10th February, 2016

Pathetique by O'Driù

Pathetique unexpectedly blows my old synapses as one of the absolutely best Pregoni's eccentric creations. Honestly a great surprise that anyway just confirms the Angelo Orazio's (by many of us yet well known) immense olfactory talent. Previously a praising word over all the others: uniqueness, yes, a rare quality, veritable peculiarity. Honestly I've never tested on skin something really close to this elusive stuff and while my interconnective nose enjoys playing the game of connections I can't seriously pick up a juice really-really similar to O'Driu' Pathetique. Second, I catch in here a remarkable "detachment/departure" from the classic O'driuesque vegetal-culinary (basically visceral, rural) "apparatus" since I get in here something far more modern, velvety, refined/silky, lounge/ambient and kind of fancy-chic. The juice starts by soon less bitter-sparkling (than usual for the brand) and more silky, something immediately more approachable and wearable (and it does not mean at all banal, synthetic or simplistic). I could find out vague (but really vague, somewhat evanescent) points in common with scents a la Slumberhouse Ore, Tom Ford Noir de Noir (the previously mentioned scents being the ones more "relatively" closely conjuring me Pathetique), Cacharel Nemo, several Histoires de Parfums or Parfum d'Empire Cuir Ottoman (considered in particular scant moments of its run) but Pathetique is something basically diverse and I frankly find quite hard picking up around the right words to fully describe its dodgy substance and the main shades of the final aroma. First of all this creative stuff is a semi-gourmand with buttery-leathery (kind of simil suedish) and gassy molecules imo. What does the juice seem smelling like? Well, frankly I get a musky-resinous (the base) accord of (ostensible) powdery iris (or stuffs like that), vegetal mold (mushrooms??), slightly buttery cocoa, pepper/nutmeg, frankincense, smooth vetiver, suede, wax and something bitter/herbal/licoricey (could it be the note of amyris??). Anyway, probably the officially listed notes are just partial or incomplete since I can't stop catching the overmentioned "presences" on skin. The juice starts kind of liquorous, spicy, incensey and leathery. Opening is pure heaven, you can catch by soon mild piquant spices go merging with something almost buttery, mossy and darkly dusty (kind of cocoa conjuring). I get woods, powdery floral notes, something bitter-earthy and a final wave of silky suede and oakmoss. This modern mystical approach hides a more classic woodsy-ambery-aromatic (warmly chypre, subtle, refined and classic/distinguished) dry down. The balance is superb, also the more "molecular" opening is anyway "well measured" and tamed. The inebriating hypnotic dustiness (pepper, piquant sweet spices, kind of powdered sugar and frankincense) is always on this side of the fence and the silky-fancy dry down is quite dry (almost poudre) and softly talky (in a darkly woody/amberish way). The general atmosphere is quite elusive, bright/dark (chiaroscuro), vaguely gassy and "transfigured". A devilish sleight of hand by Angelo Orazio Pregoni, an aroma's illusionist, an alchemical wizard, a real painter in perfumery (one of the very few in the niche section), a profoundely struggling soul which expresses itself far better by manipulating aromatic notes than by useless words (respectfully, yes, since words are useless if you are such a talented creator). Keep on inebriating us Angelo and let your creations telling everything.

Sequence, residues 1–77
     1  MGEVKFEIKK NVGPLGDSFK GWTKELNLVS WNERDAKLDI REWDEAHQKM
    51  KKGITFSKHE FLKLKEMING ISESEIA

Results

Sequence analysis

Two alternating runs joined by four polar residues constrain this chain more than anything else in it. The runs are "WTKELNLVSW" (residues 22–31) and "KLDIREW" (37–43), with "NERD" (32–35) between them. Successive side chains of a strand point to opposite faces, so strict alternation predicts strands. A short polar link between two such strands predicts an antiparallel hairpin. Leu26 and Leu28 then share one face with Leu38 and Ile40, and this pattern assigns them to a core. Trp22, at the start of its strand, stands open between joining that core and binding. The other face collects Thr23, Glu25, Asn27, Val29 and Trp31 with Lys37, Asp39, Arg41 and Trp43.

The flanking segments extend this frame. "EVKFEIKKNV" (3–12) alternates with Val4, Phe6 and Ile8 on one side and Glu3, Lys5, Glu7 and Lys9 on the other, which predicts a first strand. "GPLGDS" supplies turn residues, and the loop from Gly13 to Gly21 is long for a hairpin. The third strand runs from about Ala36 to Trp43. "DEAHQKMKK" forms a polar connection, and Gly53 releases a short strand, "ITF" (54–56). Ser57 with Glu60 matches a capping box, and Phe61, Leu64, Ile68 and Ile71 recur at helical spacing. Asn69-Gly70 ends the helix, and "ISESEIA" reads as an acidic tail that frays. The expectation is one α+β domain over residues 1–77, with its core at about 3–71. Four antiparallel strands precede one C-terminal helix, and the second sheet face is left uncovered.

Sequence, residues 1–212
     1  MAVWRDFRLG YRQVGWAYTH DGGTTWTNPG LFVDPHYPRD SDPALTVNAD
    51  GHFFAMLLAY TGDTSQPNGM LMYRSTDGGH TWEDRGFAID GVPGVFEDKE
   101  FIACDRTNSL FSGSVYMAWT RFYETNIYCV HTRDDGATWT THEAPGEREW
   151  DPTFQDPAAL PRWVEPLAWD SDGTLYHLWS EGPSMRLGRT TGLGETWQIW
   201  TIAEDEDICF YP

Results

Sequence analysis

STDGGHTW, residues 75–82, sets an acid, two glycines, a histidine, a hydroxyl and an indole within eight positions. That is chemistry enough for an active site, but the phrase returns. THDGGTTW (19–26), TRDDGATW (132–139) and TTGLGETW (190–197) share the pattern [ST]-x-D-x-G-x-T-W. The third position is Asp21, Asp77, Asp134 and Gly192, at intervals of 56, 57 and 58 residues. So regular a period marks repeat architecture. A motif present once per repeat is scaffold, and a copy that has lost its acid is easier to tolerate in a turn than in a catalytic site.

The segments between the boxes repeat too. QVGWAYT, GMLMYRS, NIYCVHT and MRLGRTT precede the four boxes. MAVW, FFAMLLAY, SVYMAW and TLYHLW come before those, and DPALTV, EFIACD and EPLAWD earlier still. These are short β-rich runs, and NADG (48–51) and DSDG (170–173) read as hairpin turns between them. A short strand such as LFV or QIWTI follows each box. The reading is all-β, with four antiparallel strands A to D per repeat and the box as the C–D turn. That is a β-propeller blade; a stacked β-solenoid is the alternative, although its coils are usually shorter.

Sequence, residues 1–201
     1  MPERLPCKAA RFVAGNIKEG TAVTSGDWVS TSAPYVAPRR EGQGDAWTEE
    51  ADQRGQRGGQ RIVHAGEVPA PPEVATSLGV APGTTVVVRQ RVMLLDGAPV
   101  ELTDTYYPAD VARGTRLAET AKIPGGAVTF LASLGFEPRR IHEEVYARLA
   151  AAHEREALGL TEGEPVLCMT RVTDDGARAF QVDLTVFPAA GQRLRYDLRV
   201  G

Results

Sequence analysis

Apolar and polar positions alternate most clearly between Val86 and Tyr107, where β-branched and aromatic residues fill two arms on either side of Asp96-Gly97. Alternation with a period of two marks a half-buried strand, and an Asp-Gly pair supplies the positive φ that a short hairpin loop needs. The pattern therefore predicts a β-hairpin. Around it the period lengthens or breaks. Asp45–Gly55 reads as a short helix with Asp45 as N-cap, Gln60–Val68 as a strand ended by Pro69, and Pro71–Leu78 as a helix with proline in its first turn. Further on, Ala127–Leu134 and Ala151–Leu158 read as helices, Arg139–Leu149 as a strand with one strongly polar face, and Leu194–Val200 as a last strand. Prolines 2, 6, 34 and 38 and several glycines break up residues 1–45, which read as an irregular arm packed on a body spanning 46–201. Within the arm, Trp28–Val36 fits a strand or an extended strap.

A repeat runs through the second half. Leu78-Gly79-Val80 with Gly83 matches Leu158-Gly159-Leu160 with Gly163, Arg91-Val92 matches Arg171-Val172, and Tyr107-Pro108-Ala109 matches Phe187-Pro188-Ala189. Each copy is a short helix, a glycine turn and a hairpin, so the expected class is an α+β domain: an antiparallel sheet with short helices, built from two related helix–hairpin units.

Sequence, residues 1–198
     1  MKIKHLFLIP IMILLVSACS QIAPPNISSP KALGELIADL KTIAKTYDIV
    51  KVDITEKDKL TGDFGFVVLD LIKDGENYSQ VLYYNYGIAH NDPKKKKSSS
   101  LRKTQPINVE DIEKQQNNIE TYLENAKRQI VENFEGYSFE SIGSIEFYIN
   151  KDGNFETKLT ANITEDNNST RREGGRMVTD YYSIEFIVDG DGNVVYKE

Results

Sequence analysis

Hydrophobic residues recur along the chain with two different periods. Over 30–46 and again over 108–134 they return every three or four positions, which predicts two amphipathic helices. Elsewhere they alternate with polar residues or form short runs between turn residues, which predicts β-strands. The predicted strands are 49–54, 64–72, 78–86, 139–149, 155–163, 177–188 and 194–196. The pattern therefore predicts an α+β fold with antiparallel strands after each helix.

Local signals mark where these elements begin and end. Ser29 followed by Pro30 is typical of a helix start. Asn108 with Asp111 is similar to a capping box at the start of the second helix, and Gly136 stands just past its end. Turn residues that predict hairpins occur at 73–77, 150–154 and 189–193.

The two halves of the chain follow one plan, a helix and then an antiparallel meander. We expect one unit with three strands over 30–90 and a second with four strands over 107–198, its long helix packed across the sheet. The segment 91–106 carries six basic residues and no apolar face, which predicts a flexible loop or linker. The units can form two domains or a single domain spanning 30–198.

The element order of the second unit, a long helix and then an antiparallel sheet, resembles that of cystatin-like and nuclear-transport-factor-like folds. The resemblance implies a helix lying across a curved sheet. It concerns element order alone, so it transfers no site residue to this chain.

09th February, 2016 (last edited: 10th February, 2016)

Opus VI by Amouage

Probably because my reference Amber is 114 and a collection of Middle Eastern Resinous Oils, I find Opus Six more of a Frankincense, High Quality Synthetic concoction.